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Facebook 'Sponsored Stories' Lawsuit Can Go Forward, Judge Rules

By Stephanie Rabiner, Esq. on December 27, 2011 | Last updated on March 21, 2019

A lawsuit challenging Facebook's "sponsored stories" can go forward, according to a federal judge in California.

Sponsored stories popped up in January as a way to connect "likes" and advertising. Facebook generates the ads when a user's friend "likes" a product, page or company. The ads contain the friend's image, name and  endorsement.

A group of plaintiffs sued under California's right of publicity statute, arguing that Facebook misappropriated their names and images.

Facebook submitted a motion to dismiss on two grounds, but the judge found both issues to be anything but clear-cut.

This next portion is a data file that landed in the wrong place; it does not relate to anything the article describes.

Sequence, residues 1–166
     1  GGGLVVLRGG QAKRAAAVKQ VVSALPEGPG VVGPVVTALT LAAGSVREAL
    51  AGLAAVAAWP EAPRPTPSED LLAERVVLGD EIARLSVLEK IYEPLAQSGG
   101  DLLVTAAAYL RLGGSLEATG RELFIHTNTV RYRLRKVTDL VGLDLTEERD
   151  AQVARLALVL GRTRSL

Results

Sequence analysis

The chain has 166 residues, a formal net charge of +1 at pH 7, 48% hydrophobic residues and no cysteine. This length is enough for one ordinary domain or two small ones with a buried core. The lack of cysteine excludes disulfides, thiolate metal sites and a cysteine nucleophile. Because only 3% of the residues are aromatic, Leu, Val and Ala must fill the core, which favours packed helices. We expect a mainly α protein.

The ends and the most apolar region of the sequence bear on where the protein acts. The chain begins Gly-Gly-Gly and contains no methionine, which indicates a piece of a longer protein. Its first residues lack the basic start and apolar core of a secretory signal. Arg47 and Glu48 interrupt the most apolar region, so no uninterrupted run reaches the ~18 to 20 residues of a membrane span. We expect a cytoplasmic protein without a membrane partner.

First, the site argued that the sponsored stories are "newsworthy" and thus an exception to the rule. Users are "public figures" to their Facebook friends, which makes their "likes" a matter of public interest.

But the judge pointed out that purely commercial uses of newsworthy actions may nonetheless be misappropriation. She thus declined to dismiss on these grounds.

Facebook also argued that users consented to the sponsored stories when they signed up for the service. Its Terms of Use state that "your name and profile may be associated with commercial, sponsored, or related content ... subject to the limits you place."

While a user cannot wholly opt-out of Facebook's sponsored stories, it can opt-out of individual advertisements. The issue of consent was thus too murky to dismiss the claim.

Though some think the ruling is a bad omen for Facebook's sponsored stories, it probably will have little effect.  Chances are Facebook will just change its terms of service.

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